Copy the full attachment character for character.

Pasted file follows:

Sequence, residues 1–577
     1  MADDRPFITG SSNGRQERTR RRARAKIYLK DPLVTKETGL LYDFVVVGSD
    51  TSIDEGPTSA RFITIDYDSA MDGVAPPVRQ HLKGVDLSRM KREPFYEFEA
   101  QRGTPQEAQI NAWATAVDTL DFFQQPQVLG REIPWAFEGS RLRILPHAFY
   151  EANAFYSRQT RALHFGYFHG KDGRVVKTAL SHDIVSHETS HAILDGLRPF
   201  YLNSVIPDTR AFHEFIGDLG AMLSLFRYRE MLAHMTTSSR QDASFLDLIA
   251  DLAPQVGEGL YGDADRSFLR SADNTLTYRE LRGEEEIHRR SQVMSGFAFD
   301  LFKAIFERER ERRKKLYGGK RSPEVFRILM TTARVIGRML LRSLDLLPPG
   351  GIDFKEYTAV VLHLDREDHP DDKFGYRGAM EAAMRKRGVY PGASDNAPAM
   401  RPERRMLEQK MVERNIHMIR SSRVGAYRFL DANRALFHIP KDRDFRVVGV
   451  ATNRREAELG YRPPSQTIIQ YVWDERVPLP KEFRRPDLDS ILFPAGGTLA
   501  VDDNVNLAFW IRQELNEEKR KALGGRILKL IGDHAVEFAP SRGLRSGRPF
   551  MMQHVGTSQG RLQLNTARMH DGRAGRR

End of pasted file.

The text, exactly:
Sequence, residues 1–577
     1  MADDRPFITG SSNGRQERTR RRARAKIYLK DPLVTKETGL LYDFVVVGSD
    51  TSIDEGPTSA RFITIDYDSA MDGVAPPVRQ HLKGVDLSRM KREPFYEFEA
   101  QRGTPQEAQI NAWATAVDTL DFFQQPQVLG REIPWAFEGS RLRILPHAFY
   151  EANAFYSRQT RALHFGYFHG KDGRVVKTAL SHDIVSHETS HAILDGLRPF
   201  YLNSVIPDTR AFHEFIGDLG AMLSLFRYRE MLAHMTTSSR QDASFLDLIA
   251  DLAPQVGEGL YGDADRSFLR SADNTLTYRE LRGEEEIHRR SQVMSGFAFD
   301  LFKAIFERER ERRKKLYGGK RSPEVFRILM TTARVIGRML LRSLDLLPPG
   351  GIDFKEYTAV VLHLDREDHP DDKFGYRGAM EAAMRKRGVY PGASDNAPAM
   401  RPERRMLEQK MVERNIHMIR SSRVGAYRFL DANRALFHIP KDRDFRVVGV
   451  ATNRREAELG YRPPSQTIIQ YVWDERVPLP KEFRRPDLDS ILFPAGGTLA
   501  VDDNVNLAFW IRQELNEEKR KALGGRILKL IGDHAVEFAP SRGLRSGRPF
   551  MMQHVGTSQG RLQLNTARMH DGRAGRR